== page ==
My theory is slightly different: people have idiosyncratic preferences and specific tastes. When you see someone who fits your “type” (even if you didn’t have a rigid type in mind), you want to give them a 12 out of 5 and fill their inbox with love letters. Maybe most people prefer the casually pretty woman on the left, but those that are into the punk rock chick on the right are really into her. The opposite of love isn’t hate, it’s indifference and rating someone 3/5.

pink4

A singular look gets noticed and remembered. “Browse matches” on OkCupid is an infinite scrolling wall of thumbnails, and so are the inboxes of the worthwhile sweethearts. If you don’t stand out, you don’t exist. When you’re hanging upside down from a stripper pole in your underwear and a bright pink shirt, you stand out.

Being weird achieves another crucial goal: filtering. Finding love is the opposite of going for mass appeal, you’re targeting a niche market of one person (or five). The more exceptional your profile is, the better matched will be the few who dig it and the deeper they’ll dig it.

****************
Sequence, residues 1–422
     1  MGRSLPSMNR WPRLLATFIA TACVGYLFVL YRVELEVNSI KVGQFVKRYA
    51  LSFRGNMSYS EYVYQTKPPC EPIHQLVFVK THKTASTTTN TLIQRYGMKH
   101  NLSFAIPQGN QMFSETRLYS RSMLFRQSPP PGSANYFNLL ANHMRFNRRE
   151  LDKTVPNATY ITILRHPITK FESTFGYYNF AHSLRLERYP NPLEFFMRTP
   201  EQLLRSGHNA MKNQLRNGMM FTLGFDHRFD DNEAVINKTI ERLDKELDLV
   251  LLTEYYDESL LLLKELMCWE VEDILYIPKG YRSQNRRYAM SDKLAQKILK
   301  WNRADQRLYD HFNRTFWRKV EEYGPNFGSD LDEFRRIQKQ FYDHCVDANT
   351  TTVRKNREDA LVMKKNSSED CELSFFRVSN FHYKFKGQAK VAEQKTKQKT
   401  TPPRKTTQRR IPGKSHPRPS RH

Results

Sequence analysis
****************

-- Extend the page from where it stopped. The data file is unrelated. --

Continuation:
When I noticed that my popularity increased, I ratcheted it back down by making my profile more unusual and more honest. I peppered in dumb jokes (“dating me has been shown to help you maintain healthy skin and protects your phone from viruses”). I mentioned being a math geek and studying rationality, with multiple links. I wrote a list of nine qualities I look for that included “altruistic” and “slutty” (but mentioned that I can work with 5/9). My profile was too long, too vague, too self-indulgent. The first lines on it were a silly rhyme:

   Brand Differentiation – A Poem

   Men post photographs, half-naked
   And demand you get to know ’em
   Market’s over saturated
   To stand out, I wrote this poem

There are 729,500 single women my age in New York City. My picture and profile successfully filtered out 729,499 of them and left me with the one I was looking for.


This concludes Part 1, which focused on ways to improve your own success at starting conversations with potential dates: work hard and methodically, ignore your inbox, write personal messages, stand out, stand out, stand out.

 

Part 1.5 is an advanced technique on OkCupid for increasing your visible match percentage with all the relevant people.

28 thoughts on “Dating: a Research Journal, Part 1

    1. Um, it’s in the fourth paragraph?

      I agree that NYC demographics are different from most places, but I think that the differences are vastly overstated. People usually focus on three things: